Using Analytical Hierarchy Process for Excess-Chlorine Risk Assessments in a Water Distribution Network: A Case Study

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Department of Civil, Environmental, and Geospatial Engineering


Drinking water distribution systems (DWDS) are some of the critical components of a drinking water system, providing water supply services to our growing populations. To maintain the safety of the drinking water supply, the water distributed through these systems needs to be regularly disinfected to ensure that it remains free of pathogens and to minimize the risk of contamination during distribution. In DWDS, balancing the risks of excessive chlorine and microbial contamination is crucial for public health due to chlorine additions in the storage tanks of these systems. Proposing effective risk-mitigation strategies requires simulations of plausible contamination scenarios and input from local experts, given the challenge of maintaining an appropriate residual chlorine level that is effective but not excessive. In addition, excessive discharge of chlorine into the environment can result in increased water pollution levels and the production of harmful disinfection byproducts, such as trihalomethanes, posing a threat to the health of waterbodies and having implications for total maximum daily loads (TMDLs). Here, we presented a framework that couples the analytical hierarchy process (AHP) with water quality simulations for decision making related to mitigating the risk of contamination to DWDS for extreme chlorine levels. We demonstrated this framework on a section of a DWDS in a highly populated city, where an accidental overapplication of chlorine resulted in the chlorine level in the tank being excessively high. Various local experts provided input about important decision criteria, their relative importance, and potential risk-mitigation strategies. Using the input in our framework, we determined important decision criteria and identified geographic zones of the DWDS at risk of chlorine contamination. The presented framework can be used in preventing chlorine contamination risks in DWDS located in other population centers. It was found that the areas closest to the tank, in terms of distance or time of travel, are more vulnerable due to the potential for rapid dispersion of contaminants. The results demonstrated the importance of incorporating expert opinions into the decision-making process and highlighted the capability of AHP in risk assessments. Future research can explore other decision-making methods, consider demographic characteristics of affected populations, and apply our presented framework to entire drinking water systems to further improve risk-mitigation strategies for preventing chlorine contamination risks in DWDS located in other population centers.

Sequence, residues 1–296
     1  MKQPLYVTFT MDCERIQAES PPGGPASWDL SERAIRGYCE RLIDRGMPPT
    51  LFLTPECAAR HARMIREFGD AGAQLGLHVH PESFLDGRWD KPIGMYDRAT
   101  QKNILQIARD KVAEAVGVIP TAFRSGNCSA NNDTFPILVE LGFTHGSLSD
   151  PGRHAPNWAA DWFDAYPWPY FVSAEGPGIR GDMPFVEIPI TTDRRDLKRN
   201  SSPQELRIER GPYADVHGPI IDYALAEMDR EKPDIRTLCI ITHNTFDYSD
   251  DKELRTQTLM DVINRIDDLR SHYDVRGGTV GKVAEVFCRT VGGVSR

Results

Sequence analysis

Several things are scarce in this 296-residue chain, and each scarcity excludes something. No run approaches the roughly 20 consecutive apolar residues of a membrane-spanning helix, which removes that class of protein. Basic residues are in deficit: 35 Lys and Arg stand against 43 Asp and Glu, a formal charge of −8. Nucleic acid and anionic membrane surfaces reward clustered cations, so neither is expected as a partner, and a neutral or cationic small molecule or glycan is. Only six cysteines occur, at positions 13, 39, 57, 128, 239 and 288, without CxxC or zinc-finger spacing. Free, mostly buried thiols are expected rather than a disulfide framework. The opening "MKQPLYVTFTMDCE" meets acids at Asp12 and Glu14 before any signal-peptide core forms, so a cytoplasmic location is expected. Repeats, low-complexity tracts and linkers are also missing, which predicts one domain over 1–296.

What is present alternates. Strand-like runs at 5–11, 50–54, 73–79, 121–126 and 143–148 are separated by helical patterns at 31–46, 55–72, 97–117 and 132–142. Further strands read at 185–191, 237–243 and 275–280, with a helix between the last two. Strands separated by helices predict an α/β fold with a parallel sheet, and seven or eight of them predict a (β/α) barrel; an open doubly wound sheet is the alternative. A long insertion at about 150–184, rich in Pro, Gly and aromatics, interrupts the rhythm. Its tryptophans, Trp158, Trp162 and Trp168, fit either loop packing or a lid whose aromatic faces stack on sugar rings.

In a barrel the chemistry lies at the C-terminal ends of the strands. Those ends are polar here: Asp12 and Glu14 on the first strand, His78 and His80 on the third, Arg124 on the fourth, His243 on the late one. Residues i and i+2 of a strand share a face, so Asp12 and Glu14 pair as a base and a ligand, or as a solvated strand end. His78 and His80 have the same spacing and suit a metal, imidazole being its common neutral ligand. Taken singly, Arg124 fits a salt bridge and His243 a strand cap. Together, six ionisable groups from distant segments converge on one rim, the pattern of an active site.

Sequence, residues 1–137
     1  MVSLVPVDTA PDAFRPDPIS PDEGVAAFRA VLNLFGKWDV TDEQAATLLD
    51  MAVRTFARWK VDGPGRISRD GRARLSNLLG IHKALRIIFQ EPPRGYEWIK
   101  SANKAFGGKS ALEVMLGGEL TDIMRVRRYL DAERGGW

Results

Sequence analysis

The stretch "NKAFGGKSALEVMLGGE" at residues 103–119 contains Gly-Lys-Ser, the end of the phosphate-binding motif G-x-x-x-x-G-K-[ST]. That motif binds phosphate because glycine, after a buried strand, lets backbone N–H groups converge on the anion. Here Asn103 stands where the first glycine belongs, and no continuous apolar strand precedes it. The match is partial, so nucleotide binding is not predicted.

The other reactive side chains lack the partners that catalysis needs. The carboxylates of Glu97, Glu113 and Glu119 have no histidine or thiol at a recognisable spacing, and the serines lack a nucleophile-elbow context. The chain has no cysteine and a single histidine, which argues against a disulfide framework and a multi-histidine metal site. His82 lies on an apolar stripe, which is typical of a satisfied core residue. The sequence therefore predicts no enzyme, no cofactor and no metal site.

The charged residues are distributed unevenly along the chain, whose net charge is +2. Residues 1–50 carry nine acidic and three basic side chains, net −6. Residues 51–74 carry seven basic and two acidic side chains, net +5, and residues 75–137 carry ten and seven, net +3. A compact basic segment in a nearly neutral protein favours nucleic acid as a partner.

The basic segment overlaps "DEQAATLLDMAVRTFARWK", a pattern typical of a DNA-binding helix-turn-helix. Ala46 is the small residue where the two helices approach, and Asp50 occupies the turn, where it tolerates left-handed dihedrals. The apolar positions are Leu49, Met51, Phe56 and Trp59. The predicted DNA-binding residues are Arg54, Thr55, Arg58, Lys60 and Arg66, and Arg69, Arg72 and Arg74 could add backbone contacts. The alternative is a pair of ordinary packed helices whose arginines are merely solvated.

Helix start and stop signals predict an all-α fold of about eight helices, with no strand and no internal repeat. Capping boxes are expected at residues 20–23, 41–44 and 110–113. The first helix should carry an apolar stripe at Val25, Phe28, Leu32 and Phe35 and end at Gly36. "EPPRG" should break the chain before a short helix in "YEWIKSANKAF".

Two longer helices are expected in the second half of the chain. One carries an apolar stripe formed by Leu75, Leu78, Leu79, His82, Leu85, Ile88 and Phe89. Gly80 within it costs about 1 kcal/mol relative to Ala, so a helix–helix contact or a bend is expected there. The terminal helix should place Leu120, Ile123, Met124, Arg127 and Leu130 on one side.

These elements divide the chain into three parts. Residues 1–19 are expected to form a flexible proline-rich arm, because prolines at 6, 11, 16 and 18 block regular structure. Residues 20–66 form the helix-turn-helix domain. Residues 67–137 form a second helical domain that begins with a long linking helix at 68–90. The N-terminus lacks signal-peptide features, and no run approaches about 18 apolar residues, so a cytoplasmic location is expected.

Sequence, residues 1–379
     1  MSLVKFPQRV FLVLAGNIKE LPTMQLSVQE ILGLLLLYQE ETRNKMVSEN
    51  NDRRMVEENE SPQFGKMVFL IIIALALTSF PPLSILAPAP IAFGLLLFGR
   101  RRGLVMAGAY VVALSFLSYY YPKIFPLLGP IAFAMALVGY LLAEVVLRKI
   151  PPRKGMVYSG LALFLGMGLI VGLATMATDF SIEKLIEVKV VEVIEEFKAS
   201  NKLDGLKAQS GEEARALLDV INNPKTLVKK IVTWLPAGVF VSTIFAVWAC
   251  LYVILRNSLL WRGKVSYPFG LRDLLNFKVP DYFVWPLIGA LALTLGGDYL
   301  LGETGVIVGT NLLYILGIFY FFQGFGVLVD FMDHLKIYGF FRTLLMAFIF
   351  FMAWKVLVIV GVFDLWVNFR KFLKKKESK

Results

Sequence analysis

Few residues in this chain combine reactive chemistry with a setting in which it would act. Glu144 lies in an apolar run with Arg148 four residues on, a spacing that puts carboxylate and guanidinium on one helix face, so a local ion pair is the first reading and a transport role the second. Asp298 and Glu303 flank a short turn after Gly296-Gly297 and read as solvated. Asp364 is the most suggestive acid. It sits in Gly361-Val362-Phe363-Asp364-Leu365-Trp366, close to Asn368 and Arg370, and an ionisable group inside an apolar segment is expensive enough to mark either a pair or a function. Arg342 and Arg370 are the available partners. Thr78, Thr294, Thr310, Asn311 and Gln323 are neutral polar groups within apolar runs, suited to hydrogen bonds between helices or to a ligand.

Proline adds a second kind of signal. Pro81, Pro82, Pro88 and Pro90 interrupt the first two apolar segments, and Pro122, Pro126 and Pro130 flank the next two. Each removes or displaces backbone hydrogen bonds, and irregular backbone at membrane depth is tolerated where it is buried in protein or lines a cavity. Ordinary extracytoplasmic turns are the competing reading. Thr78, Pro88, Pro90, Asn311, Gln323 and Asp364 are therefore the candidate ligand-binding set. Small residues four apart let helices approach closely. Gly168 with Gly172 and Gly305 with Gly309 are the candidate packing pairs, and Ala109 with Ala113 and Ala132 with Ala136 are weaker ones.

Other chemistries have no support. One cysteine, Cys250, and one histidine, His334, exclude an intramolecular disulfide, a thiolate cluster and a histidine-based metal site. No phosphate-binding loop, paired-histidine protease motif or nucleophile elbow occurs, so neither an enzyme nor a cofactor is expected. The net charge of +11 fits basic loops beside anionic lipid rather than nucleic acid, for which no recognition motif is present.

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Journal of Environmental Engineering (United States)